[logback-dev] Git as a version control system?

Ceki Gulcu ceki at qos.ch
Sun Aug 9 15:51:27 CEST 2009

Ralph Goers wrote:

 >> Ceki wrote:
 >> Here is an attempt at explaining the workflow:
 >> http://blog.discursive.com/2009/08/couchdb4j-is-case-in-point-for-git-and.html

 > The only thing in that post that makes it "different" is that the
 > workarea where he did the patch is in a public location instead of on
 > his local disk.

Yes but that's not the whole story.

 > Since IntelliJ keeps a local history of all my edits even the version
 > control aspects of creating the new repository don't add much value.

In Eclipse, unless I am mistaken, the local history extends to the
current Eclipse session. The local history functionality offered by an
IDE is simply no match to the functionality offered by a fully-fledged
version control system. Dot. (I wrote Dot instead of Period because
the latter is devoid of any humor.)

 > Since the blog entry doesn't discuss how his changes made it back into
 > the "real" repository I still don't know what advantages this
 > brings.

No immediate advantage but read on.

 > The disadvantage is that there is now a new repo with forked code that
 > apparently isn't going to be merged back into the mainline since he
 > "didn't have to stop and figure out community dynamics" and
 > "if the person who maintains the original project finds my changes
 > interesting, he or she can pull them into his own". Does git
 > automatically point you to every forked repository and magically tell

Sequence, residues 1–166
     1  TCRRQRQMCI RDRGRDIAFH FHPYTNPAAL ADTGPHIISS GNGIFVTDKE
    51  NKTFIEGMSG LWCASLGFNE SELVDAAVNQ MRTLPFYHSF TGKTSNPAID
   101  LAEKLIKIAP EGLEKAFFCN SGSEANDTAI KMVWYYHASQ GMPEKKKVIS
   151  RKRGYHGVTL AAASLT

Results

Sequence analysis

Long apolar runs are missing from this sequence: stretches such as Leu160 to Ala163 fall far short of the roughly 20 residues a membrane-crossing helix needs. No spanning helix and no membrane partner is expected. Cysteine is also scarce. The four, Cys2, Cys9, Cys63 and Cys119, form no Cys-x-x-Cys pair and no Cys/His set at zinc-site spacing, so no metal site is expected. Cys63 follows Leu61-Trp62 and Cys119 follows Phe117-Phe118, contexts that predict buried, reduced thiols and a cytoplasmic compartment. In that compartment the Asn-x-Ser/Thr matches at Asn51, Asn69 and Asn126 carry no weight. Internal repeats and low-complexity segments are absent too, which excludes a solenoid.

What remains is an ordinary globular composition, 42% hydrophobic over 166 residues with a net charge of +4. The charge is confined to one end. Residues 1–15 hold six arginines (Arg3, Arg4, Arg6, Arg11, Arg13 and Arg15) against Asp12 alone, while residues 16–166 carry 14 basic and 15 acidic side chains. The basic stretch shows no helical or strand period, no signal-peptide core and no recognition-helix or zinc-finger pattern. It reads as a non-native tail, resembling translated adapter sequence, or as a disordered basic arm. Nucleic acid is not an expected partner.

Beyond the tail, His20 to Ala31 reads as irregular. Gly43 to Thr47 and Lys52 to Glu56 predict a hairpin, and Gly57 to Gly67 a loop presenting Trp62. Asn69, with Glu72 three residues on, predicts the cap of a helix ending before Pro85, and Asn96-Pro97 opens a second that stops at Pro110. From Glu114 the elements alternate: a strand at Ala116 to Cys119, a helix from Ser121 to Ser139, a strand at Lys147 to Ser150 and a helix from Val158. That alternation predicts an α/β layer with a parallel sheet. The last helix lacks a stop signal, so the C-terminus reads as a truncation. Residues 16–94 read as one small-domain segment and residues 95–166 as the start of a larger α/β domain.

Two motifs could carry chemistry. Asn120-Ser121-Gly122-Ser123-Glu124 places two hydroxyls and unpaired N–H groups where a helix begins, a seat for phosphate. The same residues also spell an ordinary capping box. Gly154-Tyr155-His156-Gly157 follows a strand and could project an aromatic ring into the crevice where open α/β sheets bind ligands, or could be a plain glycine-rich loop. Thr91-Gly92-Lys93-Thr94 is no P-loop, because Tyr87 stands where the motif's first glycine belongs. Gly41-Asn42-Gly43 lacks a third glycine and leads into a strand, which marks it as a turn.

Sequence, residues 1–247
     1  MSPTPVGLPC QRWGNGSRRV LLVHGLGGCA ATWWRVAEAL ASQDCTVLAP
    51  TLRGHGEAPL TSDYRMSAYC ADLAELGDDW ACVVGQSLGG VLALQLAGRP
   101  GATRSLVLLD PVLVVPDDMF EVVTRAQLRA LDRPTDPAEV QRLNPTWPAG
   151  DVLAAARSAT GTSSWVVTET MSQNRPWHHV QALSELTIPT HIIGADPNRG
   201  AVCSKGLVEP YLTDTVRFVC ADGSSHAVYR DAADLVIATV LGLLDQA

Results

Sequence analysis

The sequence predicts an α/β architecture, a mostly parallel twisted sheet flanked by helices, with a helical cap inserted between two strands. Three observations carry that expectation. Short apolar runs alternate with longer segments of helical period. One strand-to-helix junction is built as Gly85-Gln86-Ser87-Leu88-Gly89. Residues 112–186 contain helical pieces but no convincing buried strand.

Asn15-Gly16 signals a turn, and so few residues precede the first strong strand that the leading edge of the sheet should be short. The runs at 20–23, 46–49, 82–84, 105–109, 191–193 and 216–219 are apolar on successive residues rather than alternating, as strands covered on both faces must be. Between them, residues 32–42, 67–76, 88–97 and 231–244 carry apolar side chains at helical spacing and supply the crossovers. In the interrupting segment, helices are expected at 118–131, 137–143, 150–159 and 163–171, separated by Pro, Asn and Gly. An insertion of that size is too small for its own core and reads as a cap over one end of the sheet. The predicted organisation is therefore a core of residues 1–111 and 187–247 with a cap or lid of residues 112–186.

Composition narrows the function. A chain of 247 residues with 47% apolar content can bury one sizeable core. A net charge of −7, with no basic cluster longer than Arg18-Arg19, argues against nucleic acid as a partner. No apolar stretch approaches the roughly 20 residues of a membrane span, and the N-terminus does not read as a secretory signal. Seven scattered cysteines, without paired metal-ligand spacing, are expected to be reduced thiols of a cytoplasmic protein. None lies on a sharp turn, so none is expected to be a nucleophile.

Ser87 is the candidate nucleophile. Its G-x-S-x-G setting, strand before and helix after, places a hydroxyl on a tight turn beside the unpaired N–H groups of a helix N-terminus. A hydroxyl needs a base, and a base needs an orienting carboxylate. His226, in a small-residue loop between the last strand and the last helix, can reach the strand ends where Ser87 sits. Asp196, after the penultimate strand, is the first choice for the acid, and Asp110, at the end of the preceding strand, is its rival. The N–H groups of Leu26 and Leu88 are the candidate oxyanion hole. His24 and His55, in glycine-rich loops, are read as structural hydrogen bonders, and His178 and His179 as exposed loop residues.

> you what they are trying to do there?

Good question. The answer can be found at
http://github.com/mbreese/couchdb4j/tree/master , the the original
tree that Tim forked. If you click on the icon with the 3 branches,
you'll be taken to http://github.com/mbreese/couchdb4j/network where
you can actually see Tom's changes.

In light of the above, Tim's statement about "if the person who
maintains the original project finds my changes interesting, he or she
can pull them into his own" makes a lot of sense. I also like the fact
that his motivation was limited to personal utility (scratching his
own itch) but the end result is potentially increased community/global

Also note that he has 5 distinct commits each of which is separately
available from github. As a project maintainer, I find it much more
convenient to look at smaller chunks of changes instead of one big
patch. The fact that one can easily follow his changes is quite
appealing and should facilitate the integration of his changes into
the main tree.

 > I'm not saying git might not be a good thing. I just don't understand
 > how it is really supposed to work so all these wonderful benefits
 > everyone talks about actually happen.

I was also wondering if git was merely the hype-du-jour. This critical
discussion indicates that there is some added value in git.  Adopting
git will not increase the IQ of contributors nor of the project
maintainer, but it will make interaction between various participants
a bit easier.


Ceki Gülcü
Logback: The reliable, generic, fast and flexible logging framework for Java.

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